With the all-male lair suddenly transformed, the question hangs in the air: which self is most true? These guys may beef all they want about the toxic qualities of women, but when given a chance to cozy up to one, they blindly shift into autopilot. As the film's poster declares in all its overt bluntness, "My cigar is bigger than yours." It's notable that when Faye declares she's never smoked a cigar before, Steven offers her a nine-inch Monte "A." Then again, it's Ray, the most cigar-savvy of all the film's characters, who asks, "Do you really think that if this were a symbol for a man's most sensitive organ, we would cut one end and set the other end on fire?" The answer is yes. In that mix of the phallic and the philosophical rests the film's humorous and serious effort to grasp an understanding of man's elemental nature.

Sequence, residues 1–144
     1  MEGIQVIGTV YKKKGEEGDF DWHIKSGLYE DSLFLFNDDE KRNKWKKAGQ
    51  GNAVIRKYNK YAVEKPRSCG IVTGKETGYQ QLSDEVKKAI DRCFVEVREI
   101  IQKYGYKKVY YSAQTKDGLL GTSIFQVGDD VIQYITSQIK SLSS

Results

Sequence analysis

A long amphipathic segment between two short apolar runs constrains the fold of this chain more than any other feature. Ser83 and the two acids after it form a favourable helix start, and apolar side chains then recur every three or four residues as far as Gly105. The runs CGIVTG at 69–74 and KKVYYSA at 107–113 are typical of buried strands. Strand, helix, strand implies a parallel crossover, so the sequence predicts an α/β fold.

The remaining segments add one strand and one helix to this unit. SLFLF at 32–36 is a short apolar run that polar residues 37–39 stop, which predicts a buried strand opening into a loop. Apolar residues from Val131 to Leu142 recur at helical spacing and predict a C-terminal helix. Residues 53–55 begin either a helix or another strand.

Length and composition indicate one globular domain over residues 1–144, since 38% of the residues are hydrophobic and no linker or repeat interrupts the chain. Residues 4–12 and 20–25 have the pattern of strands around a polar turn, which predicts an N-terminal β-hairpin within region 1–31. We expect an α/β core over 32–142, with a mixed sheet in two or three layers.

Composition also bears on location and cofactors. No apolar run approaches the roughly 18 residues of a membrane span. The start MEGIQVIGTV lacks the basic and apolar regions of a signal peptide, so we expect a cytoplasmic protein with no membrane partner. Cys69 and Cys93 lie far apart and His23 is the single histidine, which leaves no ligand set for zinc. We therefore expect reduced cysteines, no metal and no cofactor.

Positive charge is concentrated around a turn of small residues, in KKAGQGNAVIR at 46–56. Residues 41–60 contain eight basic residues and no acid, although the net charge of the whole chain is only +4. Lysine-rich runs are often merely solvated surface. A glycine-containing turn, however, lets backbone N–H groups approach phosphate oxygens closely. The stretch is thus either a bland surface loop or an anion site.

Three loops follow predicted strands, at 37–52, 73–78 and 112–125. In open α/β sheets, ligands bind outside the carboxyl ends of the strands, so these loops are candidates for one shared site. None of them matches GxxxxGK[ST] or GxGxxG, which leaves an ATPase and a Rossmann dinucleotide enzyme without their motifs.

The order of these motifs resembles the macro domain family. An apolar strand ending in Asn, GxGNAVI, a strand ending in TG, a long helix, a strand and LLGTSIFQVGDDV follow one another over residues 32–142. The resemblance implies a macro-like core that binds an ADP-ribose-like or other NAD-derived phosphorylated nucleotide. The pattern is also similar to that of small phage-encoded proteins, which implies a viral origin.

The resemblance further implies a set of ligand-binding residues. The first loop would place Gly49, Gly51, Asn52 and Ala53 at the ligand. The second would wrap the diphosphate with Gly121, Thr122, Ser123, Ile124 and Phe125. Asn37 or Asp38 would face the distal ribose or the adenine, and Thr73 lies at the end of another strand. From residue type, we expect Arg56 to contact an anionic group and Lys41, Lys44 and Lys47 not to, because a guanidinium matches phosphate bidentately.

The idea for Blowing Smoke came to Orr in the mid-1990s. For a month during his daily trips to The Grand Havana Room, he and Cruickshank paid close attention to nearby conversations. "We'd see all sorts of people from all over town come here to eat and talk and sit back with their cigars," says Orr. "I think there's something about the cigar that helps a man unwind more. You can't rush your way through a cigar. And I'd watch these guys talk, and never did they get more vocal than when they talked about women. We thought it was hysterical, particularly one day when a beautiful woman walked in and the whole room suddenly went silent. It's like you could hear a pin drop."